35 years after the release of its first operating system, Microsoft remains an integral provider of technology services for commercial and personal use. Even though mainstay software products like Microsoft Office continue to earn the greatest revenue share, last year’s figure of $86 billion dollars was also driven by significant improvement in new sectors such as gaming and cloud services. An impressive 20% year-on-year growth has allowed Microsoft to entrench themselves in the business of cloud computing; CEO Satya Nadella estimates that earnings from this segment could rise to 20 billion by 2018. Even though the company has lagged on a handful of key technological trends—most notably mobile devices—a free cash flow of $23 billion dollars will position Microsoft for a stable future. Conservative, income-oriented investors are attracted to the 2.7% yield that is likely to increase in the coming years.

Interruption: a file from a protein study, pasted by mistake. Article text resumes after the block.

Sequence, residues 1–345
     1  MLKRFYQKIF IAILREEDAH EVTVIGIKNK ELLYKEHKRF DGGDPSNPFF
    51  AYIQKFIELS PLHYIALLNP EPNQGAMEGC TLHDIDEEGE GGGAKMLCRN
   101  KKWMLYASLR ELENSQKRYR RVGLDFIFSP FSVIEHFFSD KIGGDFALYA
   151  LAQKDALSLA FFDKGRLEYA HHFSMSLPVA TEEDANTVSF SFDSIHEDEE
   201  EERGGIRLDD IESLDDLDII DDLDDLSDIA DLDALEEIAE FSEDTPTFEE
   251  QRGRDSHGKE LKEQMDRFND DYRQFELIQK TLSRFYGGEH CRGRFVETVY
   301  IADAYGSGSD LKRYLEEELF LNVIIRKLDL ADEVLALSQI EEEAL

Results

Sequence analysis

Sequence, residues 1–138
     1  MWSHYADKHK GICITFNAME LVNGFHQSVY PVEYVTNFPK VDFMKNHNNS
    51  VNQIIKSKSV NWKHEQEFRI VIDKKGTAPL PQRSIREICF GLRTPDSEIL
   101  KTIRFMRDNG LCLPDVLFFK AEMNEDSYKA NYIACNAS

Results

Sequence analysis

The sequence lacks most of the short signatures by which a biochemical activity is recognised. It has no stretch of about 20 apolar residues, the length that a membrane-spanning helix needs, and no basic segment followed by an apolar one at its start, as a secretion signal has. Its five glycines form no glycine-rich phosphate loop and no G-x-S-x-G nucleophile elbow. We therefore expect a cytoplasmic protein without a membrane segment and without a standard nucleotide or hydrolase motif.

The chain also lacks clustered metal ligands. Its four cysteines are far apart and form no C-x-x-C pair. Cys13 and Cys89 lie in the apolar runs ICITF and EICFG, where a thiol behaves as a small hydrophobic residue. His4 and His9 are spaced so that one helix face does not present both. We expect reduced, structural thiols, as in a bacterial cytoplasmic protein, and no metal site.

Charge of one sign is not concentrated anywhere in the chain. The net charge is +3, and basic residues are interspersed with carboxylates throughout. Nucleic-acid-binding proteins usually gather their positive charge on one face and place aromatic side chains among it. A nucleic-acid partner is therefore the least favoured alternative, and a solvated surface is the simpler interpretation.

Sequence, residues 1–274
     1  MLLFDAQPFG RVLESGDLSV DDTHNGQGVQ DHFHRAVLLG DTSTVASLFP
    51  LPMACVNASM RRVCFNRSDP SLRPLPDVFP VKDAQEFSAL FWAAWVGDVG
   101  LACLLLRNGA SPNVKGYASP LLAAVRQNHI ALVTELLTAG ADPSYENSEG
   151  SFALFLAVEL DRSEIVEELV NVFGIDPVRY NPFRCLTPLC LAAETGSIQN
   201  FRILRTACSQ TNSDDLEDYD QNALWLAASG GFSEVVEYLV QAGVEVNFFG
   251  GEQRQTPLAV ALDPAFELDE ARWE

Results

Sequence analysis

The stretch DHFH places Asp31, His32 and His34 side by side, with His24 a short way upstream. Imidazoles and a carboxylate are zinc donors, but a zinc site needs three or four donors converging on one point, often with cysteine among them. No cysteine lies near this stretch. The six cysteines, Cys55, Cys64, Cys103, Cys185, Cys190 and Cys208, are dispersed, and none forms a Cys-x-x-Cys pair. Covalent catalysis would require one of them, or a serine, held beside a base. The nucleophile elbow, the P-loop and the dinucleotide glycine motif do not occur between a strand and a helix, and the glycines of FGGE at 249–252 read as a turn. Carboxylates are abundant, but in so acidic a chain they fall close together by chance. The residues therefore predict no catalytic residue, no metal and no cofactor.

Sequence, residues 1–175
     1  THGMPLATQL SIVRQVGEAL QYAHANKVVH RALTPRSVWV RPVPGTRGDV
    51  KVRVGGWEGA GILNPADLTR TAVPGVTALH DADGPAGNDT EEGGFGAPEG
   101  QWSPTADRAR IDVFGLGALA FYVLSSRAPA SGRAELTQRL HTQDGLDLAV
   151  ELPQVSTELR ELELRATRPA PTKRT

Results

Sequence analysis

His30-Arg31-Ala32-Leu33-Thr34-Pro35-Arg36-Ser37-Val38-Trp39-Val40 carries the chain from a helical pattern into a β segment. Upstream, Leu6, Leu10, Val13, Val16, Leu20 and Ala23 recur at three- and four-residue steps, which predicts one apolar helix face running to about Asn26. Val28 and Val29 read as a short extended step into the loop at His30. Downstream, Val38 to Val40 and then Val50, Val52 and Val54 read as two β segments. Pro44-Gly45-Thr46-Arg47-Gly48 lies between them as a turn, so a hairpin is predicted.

For an in-depth breakdown on Microsoft, read this Barrons article. You will be leaving the New Vernon Wealth website.
Procter and Gamble is the only consumer packaged goods company with sales of over $80 billion dollars. Since 1837, P&G’s commitment to innovation and mass marketing has helped brands such as Tide, Gillette and Crest achieve close to 50% market share. Over the last decade, increased competition and changing consumer trends caused P&G to chase the lucrative margins of the beauty and cosmetic sector. However, after years of limited growth, current CEO A.G Lafley chose to sell 43 of these brands. Despite the disappointment, a profitable core business of consumer staples should help preserve shareholder value; P&G has increased its dividend for 59 consecutive years.
Further reading can be found in the Wall Street Journal. You will be leaving the New Vernon Wealth Website.